The Supernatural Cinema of Guillermo del Toro

Dodano: 8 October 2016

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Mexican director, producer, screenwriter and writer Guillermo del Toro is known for utilization of supernatural elements in his movies. In his works he often treads a fine line between real and mystical. From Cronos to Crimson Peak del Toro widely opposes the brutality of the rational word to the promise or danger of something that lies beyond the scope of human mind. His interpretation of the conflict between rationality and irrationality is far from simplification as well as it is deeply rooted in personal experience of Del Toro.

The Supernatural Cinema of Guilermo del Toro edited by John W. Morehead is the collection of scholarly and popular articles dealing with various aspects of the director’s cinema. Authors analyse themes recurring in the works of the Mexican director, tracing their mythological as well as cultural roots. Through an in-depth look at the del Toro’s biography and his extensive cultural background authors of essays gathered in the volume aim at understanding the man and his art.

Essays collected in the volume focus on themes present in more than one of del Toro’s movies, all of them strongly interconnected. One of the most interesting subjects of his works is the Spanish Civil War that seems to set an interesting ground for more mystical tales of adolescence. Del Toro seems to be interested in childhood and child’s perception of the world often at odds with adult experience and need for power and domination. Finally, Guilermo del Toro is fascinated with monsters, as actual creatures and an ideological concept. The figure of a Monster enables him to speak about otherness and emotions it causes. Apart from these predominant themes, del Toro’s fascination in Howard Phillips Lovecraft writing is discussed as well as his approach to the classical facet of a vampire myth.

Ann Davies’ and Karin Brown’s essays explore the heritage of the Spanish Civil War in Guillermo del Toro movies. By dealing with a historically and geographically remote conflict del Toro is free to play with more symbolic or universal aspects of war. In the Devil’s Backbone he shows a morally meaningful contrast between violent Franco’s regime and innocent children of an orphanage, survivors of the military conflict. In Pan’s Labirynth, through the figure of adolescent Ophelia, he discusses complexities of a society torn apart as well as mental escape of a sensitive person from the atrocities of war. Ophelia, balancing on the verge of childhood and adult age, coping with her mother marrying a regime’s officer and bearing his baby, easily accepts a risky challenge from a faun who announces her a princess of the underground kingdom. She dies when trying to accomplish the third and final of the tasks assigned and yet is not defeated – she is transferred to her kingdom’s throne, suddenly liberated from the burden of her hostile home. It is not hard to see that the historical context of the Spanish Civil War serves as a pretext to discuss axiological and psychological aspects of war in general.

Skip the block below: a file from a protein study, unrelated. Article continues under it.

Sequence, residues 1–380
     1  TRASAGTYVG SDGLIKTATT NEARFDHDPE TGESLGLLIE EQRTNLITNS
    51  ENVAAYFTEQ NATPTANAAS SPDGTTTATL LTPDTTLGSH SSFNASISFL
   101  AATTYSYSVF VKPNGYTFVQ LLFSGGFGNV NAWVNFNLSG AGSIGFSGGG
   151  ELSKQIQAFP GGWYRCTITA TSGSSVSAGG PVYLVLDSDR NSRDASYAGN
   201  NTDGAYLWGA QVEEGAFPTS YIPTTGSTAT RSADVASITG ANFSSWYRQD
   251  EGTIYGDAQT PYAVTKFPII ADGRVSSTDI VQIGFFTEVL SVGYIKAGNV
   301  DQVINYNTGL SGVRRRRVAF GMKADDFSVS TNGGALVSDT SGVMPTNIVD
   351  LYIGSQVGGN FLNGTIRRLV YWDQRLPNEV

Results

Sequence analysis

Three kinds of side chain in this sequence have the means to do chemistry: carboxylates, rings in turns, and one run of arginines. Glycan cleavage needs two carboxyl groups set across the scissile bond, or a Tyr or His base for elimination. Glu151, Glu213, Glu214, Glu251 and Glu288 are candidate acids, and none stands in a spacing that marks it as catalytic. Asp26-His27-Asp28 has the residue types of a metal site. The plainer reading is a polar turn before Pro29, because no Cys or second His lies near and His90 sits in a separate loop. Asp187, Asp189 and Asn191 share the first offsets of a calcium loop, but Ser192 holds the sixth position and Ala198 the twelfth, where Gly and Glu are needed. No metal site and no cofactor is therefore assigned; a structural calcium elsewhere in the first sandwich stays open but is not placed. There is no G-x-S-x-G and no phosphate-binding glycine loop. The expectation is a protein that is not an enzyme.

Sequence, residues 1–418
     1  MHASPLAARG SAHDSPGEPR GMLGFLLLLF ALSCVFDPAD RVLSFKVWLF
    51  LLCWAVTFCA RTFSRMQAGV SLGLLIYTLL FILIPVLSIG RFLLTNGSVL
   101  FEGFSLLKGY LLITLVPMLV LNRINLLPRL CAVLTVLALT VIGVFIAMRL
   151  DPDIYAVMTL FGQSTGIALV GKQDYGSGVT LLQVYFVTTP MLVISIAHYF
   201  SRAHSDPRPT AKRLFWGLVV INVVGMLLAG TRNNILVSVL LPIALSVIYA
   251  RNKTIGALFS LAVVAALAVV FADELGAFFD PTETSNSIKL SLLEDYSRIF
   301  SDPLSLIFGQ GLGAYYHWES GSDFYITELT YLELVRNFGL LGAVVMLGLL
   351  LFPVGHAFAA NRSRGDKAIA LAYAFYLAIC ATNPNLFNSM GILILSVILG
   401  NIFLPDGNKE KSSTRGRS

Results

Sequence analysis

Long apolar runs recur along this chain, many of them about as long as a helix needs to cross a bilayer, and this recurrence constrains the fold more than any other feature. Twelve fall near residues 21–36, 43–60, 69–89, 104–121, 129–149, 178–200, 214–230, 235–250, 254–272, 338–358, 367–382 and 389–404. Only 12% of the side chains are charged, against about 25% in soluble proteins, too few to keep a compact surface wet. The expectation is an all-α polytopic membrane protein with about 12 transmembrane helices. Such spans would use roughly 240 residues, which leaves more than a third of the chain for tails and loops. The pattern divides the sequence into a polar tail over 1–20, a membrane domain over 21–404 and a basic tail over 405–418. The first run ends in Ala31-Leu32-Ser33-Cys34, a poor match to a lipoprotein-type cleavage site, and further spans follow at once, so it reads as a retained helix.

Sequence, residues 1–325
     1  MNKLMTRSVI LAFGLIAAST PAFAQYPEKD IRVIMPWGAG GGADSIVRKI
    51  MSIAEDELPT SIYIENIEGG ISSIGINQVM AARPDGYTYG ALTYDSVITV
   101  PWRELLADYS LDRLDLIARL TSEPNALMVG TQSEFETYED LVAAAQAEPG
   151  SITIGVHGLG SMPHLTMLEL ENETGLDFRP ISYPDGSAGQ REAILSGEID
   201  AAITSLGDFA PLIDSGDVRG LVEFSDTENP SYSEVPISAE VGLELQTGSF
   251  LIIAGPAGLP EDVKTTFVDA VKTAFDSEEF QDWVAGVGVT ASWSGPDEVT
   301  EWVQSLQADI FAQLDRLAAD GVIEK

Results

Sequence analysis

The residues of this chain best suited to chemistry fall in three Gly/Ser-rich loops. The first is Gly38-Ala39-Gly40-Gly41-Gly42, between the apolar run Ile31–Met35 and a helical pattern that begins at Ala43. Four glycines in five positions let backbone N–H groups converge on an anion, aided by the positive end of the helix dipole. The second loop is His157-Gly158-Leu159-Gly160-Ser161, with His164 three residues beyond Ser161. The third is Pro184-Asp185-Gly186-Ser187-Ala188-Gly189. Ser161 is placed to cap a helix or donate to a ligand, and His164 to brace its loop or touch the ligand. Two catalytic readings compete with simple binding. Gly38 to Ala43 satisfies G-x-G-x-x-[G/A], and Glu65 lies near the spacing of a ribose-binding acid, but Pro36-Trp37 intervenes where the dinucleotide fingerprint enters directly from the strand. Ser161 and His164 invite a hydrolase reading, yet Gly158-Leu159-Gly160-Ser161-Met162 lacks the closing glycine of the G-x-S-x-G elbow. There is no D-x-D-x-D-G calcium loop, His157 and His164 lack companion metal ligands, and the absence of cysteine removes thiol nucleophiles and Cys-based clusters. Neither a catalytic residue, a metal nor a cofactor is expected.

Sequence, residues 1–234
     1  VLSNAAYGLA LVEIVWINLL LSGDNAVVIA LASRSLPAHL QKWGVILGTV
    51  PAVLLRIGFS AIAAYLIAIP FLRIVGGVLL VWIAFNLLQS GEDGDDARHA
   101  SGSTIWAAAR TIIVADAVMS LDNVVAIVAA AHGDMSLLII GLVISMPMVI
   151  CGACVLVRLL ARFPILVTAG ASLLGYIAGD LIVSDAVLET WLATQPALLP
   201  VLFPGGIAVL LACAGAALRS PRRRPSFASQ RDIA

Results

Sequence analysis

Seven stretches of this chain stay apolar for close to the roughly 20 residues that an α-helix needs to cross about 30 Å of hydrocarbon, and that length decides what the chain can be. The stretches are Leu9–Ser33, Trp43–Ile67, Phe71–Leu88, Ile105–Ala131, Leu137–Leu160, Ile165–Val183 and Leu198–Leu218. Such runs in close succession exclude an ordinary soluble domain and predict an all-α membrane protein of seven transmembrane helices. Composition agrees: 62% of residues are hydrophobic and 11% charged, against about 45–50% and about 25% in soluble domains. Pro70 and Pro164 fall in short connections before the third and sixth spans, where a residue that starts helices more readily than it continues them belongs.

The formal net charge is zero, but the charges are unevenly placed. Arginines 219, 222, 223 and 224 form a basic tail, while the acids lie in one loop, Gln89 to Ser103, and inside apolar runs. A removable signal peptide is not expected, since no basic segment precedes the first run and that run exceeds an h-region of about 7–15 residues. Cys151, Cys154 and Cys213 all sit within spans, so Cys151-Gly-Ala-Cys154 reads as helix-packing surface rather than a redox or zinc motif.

Guilermo del Toro’s fascination with monsters is thoroughly explored in the volume. Del Toro’s monsters are human-like, not in their form, but in their ethos. They are imperfect yet striving to overcome their limitations. They reflect on their actions. They make choices, as in the case of Hellboy, on moral grounds and act good even when it is difficult for them. They become more mature along their way. In other words they are more human than lazy, indifferent humans. They experience all of the tensions, internal conflicts and dramas that had been the ancient topic of art or mythology, as observed by Sidney L. Sondergard. Who are we, the humans then, the ones, who often forget basic ethics? Are we not monsters more then they are? This is actually the main theme of cultural anthropology pictured in a symbolic way. Who is normal and who is strange? Who sets the standard?